Principles of Component Independence and Possible Outcomes for Component Replacement
There is a general agreement in the software engineering industry that a component is an independent software unit which can be composed with other independent units in order to create a software system (Sommerville, 1989). Another commonly accepted definition is that a component can be independently deployed and composed without modification according to a composition standard (Councill and Heineman, 2001).
In any system, software or hardware, in order to determine its reliability it is important to firstly establish component independence.
This is typically achieved through independent component analysis (ICA), which is a computational technique for revealing hidden factors that underlie sets of measurements or signals (Oja, 2001). The two most commonly used definitions which interpret component independence are minimization of mutual information and maximization of non-Gaussianity.
ICA is important because independence of components is a fundamental requirement for calculating system reliability (Woit, 1998) and can, to some extent, predict and prevent the possibility of system failure. Component-based system need to evolve over time in order to prevent system failure and to add new functionalities.
This evolution is typically controlled through the usage of components, which are the units of change. When one component becomes redundant, it is replaced with another, which also adheres to a standard of independence, but it is implemented in a different way.
The concept of component replacement relies on removing a component which no longer functions properly or that no longer serves the purposes for which it was initially implemented with another component that can fix the error brought on by the initial component or that can add a new function required by the system’s natural process of evolution.
However, although component replacement is practiced as a means to avoid system failure, this practice can have the very adverse effect.
As stated before, reliability of the system is strongly connected to the independence of the components that form that specific system.
Replacing an old component with a new one requires a thorough and complete analysis of the new component, both isolated and in combination with the other components forming the system.
The reliability of a system depends on how its architecture and the component interfaces can coexist in equilibrium. The introduction of a new component, with its own specific interface, might facilitate some kinds of system architecture while precluding others (Nejmeh, 1989).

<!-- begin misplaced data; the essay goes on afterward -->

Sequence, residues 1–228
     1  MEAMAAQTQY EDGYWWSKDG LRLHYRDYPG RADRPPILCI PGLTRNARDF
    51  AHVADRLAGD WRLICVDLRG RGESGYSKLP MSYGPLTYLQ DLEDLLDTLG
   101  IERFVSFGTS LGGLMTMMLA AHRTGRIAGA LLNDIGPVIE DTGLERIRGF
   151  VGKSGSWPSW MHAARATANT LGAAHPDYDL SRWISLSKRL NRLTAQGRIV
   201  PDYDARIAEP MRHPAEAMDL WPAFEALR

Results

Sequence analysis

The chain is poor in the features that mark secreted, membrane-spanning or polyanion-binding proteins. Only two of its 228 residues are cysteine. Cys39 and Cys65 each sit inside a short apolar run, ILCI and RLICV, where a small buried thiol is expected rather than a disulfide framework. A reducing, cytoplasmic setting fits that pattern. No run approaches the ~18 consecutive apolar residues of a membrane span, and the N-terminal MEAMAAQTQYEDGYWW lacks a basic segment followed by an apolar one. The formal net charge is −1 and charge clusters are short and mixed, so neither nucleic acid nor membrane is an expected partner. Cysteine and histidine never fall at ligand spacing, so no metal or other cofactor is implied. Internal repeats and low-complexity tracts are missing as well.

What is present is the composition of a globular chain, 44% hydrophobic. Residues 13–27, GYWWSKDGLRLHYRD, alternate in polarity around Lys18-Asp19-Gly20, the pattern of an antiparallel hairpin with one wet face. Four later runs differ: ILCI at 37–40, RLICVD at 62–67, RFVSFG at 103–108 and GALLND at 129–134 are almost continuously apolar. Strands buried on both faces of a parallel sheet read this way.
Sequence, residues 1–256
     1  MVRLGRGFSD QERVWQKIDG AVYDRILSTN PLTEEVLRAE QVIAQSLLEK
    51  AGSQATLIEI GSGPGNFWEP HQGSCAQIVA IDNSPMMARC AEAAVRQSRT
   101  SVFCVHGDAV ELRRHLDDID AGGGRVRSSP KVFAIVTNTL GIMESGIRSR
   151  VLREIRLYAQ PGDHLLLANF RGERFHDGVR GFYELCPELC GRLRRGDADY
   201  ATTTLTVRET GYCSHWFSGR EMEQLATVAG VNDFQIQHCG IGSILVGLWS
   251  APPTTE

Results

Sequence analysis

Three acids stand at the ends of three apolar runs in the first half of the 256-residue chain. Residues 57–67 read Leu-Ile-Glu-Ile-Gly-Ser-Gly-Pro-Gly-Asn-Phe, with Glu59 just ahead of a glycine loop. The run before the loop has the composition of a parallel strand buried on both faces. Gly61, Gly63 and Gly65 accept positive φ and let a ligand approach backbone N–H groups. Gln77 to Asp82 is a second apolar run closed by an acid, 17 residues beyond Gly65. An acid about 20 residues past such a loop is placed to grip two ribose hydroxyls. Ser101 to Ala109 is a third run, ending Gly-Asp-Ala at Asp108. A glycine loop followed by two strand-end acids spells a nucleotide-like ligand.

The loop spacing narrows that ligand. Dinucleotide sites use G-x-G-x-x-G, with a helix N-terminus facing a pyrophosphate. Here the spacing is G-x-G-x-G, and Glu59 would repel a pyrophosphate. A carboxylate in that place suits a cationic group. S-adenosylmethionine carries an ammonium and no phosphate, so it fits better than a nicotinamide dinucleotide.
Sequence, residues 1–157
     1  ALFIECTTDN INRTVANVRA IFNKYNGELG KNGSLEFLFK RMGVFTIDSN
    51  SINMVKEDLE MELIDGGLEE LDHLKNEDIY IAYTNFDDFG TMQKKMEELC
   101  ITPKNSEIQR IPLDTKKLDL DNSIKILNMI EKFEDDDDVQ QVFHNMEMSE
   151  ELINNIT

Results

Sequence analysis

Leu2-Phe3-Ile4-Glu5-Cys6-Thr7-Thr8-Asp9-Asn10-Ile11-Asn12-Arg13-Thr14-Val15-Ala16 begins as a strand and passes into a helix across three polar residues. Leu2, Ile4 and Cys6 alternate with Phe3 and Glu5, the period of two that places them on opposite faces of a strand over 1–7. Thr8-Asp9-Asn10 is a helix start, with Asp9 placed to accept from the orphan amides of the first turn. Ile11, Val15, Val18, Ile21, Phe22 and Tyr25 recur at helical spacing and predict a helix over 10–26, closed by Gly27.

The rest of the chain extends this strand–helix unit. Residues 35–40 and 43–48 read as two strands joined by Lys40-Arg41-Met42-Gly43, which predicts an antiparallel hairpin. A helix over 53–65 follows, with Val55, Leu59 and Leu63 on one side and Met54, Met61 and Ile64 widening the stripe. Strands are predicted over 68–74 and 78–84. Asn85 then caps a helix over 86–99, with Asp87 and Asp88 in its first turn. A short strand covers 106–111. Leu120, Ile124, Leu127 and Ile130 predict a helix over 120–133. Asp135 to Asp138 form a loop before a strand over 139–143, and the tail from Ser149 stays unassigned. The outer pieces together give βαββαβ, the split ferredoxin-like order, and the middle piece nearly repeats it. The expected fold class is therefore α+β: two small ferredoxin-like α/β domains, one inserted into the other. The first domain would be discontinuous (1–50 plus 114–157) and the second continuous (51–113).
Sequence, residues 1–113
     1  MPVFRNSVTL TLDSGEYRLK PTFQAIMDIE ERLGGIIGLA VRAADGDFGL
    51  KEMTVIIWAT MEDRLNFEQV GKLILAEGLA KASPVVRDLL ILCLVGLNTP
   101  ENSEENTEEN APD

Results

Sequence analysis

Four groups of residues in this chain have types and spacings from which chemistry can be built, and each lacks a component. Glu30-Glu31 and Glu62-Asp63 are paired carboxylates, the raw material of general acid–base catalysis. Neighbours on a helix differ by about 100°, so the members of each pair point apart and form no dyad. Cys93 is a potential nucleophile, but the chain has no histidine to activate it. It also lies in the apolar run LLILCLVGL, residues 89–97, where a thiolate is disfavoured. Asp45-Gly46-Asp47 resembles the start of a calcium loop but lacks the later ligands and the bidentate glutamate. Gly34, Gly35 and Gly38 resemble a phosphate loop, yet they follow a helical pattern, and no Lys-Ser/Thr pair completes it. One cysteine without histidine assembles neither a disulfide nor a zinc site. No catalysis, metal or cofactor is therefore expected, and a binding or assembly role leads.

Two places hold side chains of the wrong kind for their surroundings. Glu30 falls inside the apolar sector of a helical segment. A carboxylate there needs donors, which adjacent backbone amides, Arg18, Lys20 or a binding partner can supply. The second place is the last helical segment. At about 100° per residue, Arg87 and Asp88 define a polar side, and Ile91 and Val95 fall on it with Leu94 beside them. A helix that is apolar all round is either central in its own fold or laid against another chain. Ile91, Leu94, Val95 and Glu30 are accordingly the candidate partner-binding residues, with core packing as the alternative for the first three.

In order to foresee these events, the interface of a new component has to be discovered and analyzed prior to its introduction in the system (Brown, 1996).
However, current engineering practices and techniques do not allow for a complete analysis of a component’s interface meaning that, even though a certain component may seem like a perfect match when considered alone, it can lead to system failure once implemented.
The principle of component independence, which serves as a foundation for any component-based system implies that one independent component can be replaced with another independent component, which is implemented in a different way, but that manages to ensure the coherency of the system.
However, although the independence of components is a means to ensure system reliability, such a replacement can ultimately lead to system failure, mainly because current engineering practices do not allow for an accurate analysis and evaluation on how a certain component, which has not yet been implemented, will act once integrated in the system.
- Brown, A.W. (1996). Engineering of component-based systems. Engineering of Complex Computer Systems. Second IEEE International Conference. P414-422
- Councill, W.T and Heineman, G.T.(2001) “Component-Based Software Engineering as a Unique Engineering Discipline”, Chapter 37 in G. T. Heine¬man and W. T. Councill, Editors, Component-Based Software Engineering: Putting the Pieces Together, Addison-Wesley, Boston, MA, pp. 675-964.
- Nejmeh, B (1989). Characteristics of Integrable Tools. Technical Report, Software Productivity Consortium
- Oja, E . (2001). Independent Component Analysis. Helsinki University of Technology.
- Sommerville, I (1989). Software Engineering . 3rd ed. Edinburgh : Pearson Education Limited . 405-430
- Woit, D.M. . (1998). Software component independence. High-Assurance Systems Engineering Symposium, 1998. Proceedings. Third IEEE International. 3 (1), p74-81
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